When Pen­man­shiel Tun­nel, north of Ber­wick, col­lapsed on March 13 1979, all ser­vices north of New­cas­tle were di­verted via Carlisle. In­tro­duc­tion of the full, 32-set ser­vice planned for May was post­poned un­til the route re-opened on Au­gust 20, though ‘254’ de­liv­er­ies had been com­pleted by May.

The start of 1979 brought a fresh at­tempt to get ex­tra HST ca­pac­ity. Over­crowd­ing soon emerged on cer­tain trains and two op­tions were put for­ward, adding an ex­tra Sec­ond Class car and build­ing more sets or both. Ser­vices to be turned over to the ex­tra HSTs were the morn­ing busi­ness trains from Mid­dles­brough, Hull and Sh­effield to Lon­don and the bal­anc­ing even­ing work­ings.

Re­tain­ing lo­co­mo­tive-hauled sets on the Lon­don to York semi-fast ser­vices, and also on the Lon­don to Cleethor­pes di­a­gram, meant the new ap­pli­ca­tion need only be for seven ‘254s’. Re­fur­bish­ing stock from the pro­to­type Class 252 HST would save money. One view be­lieved that adding an ex­tra coach to make 2+9 sets would cre­ate sur­plus ca­pac­ity and of­fer only a “mar­ginal” in­crease in seats. Just why mov­ing from four to five Sec­ond Class trail­ers could be con­sid­ered to be mar­ginal was not ex­plained!

Not all BR Board mem­bers gave un­qual­i­fied sup­port to the pro­posal, which was ap­praised in June 1979. To­gether with the DTp, there was con­cern over the re­li­a­bil­ity of the ad­di­tional rev­enue fore­cast that would re­sult from the ex­tra seven Class 254s. The case was not helped be­cause the WR fleet was av­er­ag­ing only 34% oc­cu­pancy and a trans­fer of some of these to the ECML was mooted.

Mean­while, the BREL man­ag­ing di­rec­tor ex­pressed con­cern about or­ders for 1980-1, es­pe­cially at Crewe Works, in the ab­sence of ad­di­tional HSTs be­ing au­tho­rised. There was a cost to be borne some­where, funded by the DTp, if no work was forth­com­ing.

Fi­nally, in Fe­bru­ary 1980, the BRB agreed, sup­ported by the DTp, to four ex­tra ‘254s’ and one set des­tined for the WR West of Eng­land scheme was as­signed to the ECML in­stead. Then the ER and WR squab­bled over which Re­gion should re­ceive its re­quire­ments first.

The ER wanted ‘254s’ for the busi­ness-tar­geted trains from Mid­dles­brough and Hull to Lon­don; Sh­effield had been aban­doned for a ser­vice be­cause of doubts con­cern­ing its vi­a­bil­ity. The WR wanted its sets for the West of Eng­land line, where the re­ten­tion of lo­co­mo­tive-hauled rakes was viewed as re­duc­ing cred­i­bil­ity. Higher au­thor­ity opined that the ER re­ceived three sets from Au­gust, the WR its five next and the last two went to the ER in 1981. It was the CrossCoun­try pro­gramme that lost ground so that the ER queue-jumped to re­ceive its five sets quickly.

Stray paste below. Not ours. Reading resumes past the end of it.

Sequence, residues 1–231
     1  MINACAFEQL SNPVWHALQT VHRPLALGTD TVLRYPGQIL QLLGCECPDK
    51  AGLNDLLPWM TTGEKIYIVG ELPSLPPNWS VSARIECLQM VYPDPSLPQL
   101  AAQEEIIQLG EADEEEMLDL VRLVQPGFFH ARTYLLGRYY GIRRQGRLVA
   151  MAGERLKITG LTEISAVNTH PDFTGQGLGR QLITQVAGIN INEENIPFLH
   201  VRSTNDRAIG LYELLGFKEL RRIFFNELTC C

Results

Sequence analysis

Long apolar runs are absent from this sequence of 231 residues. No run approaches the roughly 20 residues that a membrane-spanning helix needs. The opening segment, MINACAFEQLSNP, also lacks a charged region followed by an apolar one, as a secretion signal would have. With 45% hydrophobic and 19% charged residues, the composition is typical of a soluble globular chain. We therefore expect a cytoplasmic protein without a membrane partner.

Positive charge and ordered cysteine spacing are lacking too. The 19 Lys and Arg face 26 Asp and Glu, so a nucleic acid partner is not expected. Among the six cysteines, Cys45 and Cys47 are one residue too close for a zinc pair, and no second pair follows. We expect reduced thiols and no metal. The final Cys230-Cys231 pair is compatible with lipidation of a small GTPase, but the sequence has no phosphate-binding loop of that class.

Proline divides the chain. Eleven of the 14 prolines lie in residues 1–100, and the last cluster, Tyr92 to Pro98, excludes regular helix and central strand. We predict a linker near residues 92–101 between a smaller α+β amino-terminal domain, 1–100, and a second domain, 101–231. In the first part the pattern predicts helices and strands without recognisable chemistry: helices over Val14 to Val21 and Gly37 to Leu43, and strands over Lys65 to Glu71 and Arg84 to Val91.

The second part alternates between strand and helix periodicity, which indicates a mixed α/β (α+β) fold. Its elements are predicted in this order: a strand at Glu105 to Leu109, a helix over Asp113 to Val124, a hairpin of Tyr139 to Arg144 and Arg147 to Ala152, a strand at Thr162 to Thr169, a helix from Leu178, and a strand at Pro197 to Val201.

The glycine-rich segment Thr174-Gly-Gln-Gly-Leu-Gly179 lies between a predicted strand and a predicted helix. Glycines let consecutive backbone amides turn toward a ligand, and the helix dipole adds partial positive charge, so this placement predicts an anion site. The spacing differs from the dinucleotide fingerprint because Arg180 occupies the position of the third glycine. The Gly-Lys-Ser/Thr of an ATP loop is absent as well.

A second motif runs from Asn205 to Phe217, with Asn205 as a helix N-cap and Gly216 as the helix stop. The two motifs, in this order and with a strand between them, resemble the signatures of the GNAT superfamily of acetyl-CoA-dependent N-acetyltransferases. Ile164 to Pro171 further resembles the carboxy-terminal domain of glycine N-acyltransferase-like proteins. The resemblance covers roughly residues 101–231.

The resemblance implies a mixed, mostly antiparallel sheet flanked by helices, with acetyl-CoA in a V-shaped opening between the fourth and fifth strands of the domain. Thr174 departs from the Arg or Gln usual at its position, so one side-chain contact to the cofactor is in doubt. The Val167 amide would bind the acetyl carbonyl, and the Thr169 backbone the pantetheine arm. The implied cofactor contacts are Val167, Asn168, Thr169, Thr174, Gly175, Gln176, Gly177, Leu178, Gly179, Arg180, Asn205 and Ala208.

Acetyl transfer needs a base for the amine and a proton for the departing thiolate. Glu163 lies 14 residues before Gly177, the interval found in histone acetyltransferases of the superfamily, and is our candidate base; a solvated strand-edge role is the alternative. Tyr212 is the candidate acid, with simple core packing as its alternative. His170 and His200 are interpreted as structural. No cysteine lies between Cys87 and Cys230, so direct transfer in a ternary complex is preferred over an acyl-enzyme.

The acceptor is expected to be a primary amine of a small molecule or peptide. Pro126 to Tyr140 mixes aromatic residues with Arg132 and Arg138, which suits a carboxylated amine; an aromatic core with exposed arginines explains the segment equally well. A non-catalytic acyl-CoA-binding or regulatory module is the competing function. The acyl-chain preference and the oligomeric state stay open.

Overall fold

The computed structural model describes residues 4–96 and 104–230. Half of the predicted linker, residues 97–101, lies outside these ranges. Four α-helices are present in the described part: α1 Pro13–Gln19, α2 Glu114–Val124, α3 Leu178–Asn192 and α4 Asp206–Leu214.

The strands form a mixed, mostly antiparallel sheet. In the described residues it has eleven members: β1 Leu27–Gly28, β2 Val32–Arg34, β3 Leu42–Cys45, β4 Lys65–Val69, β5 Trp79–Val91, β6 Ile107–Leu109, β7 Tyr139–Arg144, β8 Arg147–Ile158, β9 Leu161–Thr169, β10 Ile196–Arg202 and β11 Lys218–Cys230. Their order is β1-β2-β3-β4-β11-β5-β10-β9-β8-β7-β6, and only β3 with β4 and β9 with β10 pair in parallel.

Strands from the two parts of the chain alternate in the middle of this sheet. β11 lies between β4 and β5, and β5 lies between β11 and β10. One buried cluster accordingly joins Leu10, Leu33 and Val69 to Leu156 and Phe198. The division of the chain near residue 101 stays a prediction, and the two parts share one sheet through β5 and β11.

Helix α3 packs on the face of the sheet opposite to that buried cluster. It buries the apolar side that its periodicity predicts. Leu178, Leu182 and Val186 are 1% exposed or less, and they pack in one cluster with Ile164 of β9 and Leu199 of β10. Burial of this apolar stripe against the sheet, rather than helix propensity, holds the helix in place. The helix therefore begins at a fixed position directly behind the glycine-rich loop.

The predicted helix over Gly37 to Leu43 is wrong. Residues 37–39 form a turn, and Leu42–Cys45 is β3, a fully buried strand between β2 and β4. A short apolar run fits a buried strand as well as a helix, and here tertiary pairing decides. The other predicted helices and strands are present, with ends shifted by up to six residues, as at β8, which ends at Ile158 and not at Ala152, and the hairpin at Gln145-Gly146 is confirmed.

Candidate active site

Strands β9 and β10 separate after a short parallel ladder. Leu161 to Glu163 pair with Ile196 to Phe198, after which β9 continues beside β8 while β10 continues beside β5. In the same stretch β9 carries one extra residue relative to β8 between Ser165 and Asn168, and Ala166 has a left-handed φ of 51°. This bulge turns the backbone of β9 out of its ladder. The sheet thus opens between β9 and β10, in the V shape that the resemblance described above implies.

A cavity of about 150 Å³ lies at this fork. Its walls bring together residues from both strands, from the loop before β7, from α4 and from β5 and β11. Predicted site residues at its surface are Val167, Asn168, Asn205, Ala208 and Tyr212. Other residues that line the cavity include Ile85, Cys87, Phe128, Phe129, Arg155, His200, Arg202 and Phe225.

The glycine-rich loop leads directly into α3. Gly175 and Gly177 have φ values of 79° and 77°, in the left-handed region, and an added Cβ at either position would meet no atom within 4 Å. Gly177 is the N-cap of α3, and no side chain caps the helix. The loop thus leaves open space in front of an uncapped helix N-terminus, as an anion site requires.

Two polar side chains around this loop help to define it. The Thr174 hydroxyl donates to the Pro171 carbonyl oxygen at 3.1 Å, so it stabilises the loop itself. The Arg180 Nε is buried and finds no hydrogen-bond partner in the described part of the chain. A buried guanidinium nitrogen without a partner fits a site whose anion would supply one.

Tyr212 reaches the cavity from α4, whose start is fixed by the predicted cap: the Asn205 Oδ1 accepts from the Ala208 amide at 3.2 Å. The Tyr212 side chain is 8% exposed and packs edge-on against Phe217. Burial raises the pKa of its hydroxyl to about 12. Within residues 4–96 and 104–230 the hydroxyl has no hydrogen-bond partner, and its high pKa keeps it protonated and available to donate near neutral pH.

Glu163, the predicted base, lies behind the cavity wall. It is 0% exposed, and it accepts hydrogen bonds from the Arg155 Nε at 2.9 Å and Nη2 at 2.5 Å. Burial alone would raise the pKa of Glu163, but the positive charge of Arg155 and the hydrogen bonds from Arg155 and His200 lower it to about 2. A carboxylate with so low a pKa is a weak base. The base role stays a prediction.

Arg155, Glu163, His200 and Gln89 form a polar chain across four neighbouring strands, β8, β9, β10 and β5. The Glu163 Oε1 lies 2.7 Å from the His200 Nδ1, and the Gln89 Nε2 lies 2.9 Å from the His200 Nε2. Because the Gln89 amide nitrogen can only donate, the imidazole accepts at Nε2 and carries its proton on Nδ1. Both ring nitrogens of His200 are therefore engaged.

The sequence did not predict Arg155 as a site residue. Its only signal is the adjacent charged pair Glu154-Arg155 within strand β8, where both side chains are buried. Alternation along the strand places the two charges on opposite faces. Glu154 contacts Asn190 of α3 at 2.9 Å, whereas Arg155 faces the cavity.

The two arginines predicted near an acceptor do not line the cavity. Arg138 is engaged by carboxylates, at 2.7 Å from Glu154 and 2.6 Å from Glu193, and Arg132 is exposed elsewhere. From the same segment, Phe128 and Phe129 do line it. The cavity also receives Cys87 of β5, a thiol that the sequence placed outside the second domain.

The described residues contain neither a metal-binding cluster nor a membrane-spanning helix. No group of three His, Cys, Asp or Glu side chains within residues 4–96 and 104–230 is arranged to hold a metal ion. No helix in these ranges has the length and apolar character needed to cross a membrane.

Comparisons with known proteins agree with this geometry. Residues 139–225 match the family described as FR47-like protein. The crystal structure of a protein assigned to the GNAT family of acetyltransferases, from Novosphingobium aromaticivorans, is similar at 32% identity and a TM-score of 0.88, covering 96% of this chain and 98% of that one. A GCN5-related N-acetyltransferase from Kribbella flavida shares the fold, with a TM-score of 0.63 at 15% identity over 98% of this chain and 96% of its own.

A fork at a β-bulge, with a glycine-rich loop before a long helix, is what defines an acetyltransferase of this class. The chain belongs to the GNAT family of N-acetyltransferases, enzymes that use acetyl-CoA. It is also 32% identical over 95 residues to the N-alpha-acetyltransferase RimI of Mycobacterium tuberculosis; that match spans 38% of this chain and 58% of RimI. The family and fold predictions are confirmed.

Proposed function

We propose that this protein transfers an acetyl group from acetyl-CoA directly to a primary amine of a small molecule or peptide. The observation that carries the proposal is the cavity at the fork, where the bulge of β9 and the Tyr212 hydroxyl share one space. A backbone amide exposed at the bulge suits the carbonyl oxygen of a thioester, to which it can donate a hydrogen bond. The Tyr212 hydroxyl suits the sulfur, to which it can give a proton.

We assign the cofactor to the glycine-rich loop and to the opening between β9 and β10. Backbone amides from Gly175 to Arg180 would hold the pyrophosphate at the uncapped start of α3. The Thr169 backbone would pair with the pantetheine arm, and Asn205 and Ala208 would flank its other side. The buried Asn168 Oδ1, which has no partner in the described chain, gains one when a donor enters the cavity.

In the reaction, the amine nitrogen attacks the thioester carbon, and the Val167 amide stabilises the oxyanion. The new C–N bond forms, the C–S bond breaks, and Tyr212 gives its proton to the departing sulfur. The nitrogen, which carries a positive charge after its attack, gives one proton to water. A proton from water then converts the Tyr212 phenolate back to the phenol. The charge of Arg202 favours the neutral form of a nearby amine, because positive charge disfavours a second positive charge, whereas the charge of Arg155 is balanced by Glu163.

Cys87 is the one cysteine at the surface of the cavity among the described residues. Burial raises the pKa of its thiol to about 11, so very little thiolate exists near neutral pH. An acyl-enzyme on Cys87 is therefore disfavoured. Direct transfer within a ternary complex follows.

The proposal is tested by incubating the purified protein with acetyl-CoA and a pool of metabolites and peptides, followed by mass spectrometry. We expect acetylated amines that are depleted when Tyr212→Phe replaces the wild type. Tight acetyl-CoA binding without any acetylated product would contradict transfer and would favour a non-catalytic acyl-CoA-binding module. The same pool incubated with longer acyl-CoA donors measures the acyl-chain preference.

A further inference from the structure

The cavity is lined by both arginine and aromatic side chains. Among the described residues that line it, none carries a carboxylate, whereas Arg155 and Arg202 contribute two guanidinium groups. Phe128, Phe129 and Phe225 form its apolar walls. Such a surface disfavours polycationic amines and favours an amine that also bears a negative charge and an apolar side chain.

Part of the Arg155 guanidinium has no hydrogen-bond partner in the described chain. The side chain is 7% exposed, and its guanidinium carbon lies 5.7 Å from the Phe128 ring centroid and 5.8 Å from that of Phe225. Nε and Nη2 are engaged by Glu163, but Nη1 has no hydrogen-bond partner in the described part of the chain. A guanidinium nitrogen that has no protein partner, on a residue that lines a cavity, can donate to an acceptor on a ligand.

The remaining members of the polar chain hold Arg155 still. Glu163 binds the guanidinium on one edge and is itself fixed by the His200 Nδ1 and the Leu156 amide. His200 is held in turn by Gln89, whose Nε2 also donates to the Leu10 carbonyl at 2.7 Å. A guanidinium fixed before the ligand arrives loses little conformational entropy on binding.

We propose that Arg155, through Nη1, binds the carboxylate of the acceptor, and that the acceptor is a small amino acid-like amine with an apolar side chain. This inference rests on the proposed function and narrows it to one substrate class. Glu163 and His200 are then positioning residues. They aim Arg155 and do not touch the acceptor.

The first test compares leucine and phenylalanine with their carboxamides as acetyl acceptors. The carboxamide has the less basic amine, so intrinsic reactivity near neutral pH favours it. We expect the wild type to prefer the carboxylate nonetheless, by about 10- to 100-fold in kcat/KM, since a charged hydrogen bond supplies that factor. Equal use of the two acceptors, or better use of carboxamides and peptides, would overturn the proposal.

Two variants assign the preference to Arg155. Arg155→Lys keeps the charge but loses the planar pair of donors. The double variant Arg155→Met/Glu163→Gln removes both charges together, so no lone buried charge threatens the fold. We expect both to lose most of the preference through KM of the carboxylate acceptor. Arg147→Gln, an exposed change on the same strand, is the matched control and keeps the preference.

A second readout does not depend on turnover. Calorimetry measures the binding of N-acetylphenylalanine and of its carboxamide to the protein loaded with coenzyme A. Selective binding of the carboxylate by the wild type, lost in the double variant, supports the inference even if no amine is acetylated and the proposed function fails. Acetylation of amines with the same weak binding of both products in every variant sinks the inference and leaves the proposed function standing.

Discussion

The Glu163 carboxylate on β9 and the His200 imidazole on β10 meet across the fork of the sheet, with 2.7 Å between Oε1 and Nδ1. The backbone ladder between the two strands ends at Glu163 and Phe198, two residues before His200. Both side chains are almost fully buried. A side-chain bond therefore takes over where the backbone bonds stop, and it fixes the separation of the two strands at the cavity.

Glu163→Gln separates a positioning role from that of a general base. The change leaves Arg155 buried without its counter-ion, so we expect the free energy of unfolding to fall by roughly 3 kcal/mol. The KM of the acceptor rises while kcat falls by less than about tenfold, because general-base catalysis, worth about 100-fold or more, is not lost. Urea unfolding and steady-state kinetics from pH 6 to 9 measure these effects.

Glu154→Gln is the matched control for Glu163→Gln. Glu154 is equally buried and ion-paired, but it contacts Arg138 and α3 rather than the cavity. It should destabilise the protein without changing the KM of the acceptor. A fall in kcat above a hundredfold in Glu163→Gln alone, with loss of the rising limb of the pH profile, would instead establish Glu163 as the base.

Hull joined the In­ter­City 125 (as HSTs were now known of­fi­cially) net­work on Jan­uary 2 1981, Mid­dles­brough fol­low­ing later that month. There were now 29 di­a­grams for 37 ‘254s’, of which 15 re­quired sets with both buf­fet and kitchen cars, and 14 with just buf­fet cars. While there had been a de­sire to stan­dard­ise all ECML sets with both a Sec­ond Class buf­fet and Restau­rant Kitchen car, by 1980 ex­pe­ri­ence on the ECML showed just a buf­fet car ful­filled most re­quire­ments be­cause a full meals ser­vice was largely de­manded only by busi­ness trav­ellers. This is why there was dif­fer­ing cater­ing pro­vi­sion and two sets of train­set di­a­grams.

The de­bate and ar­gu­ments over pro­cure­ment just de­scribed took place in one part of BR, but tech­ni­cal is­sues were caus­ing fur­ther de­lay on the en­gi­neer­ing side. BR pur­sued a dual sourc­ing pol­icy for equip­ment when­ever pos­si­ble and this ap­plied to Class 43 power car elec­tri­cal equip­ment. While Brush Elec­tri­cal Ma­chines had won early or­ders, sub­se­quently a con­tract was awarded to GEC Trac­tion. Un­for­tu­nately, its trac­tion mo­tors quickly proved to be un­re­li­able on the WR, af­fect­ing de­liv­er­ies by 1980 be­cause GEC strug­gled to re­solve the prob­lem and there­fore could not pro­vide the equip­ment.

Ten sets with GEC mo­tors for both the WR and ER were be­ing held up and a switch to Brush equip­ment for the ECML ‘254s’ aimed at speed­ing up de­liv­er­ies. It was only par­tially suc­cess­ful be­cause a dis­pute be­tween BR and Brush over gear­boxes meant suf­fi­cient

"There was an ad­mis­sion of short­com­ings by BR staff in de­sign and un­der­stand­ing the cost im­pli­ca­tions of mov­ing from 100mph to 125mph."

com­po­nents were not to hand when needed.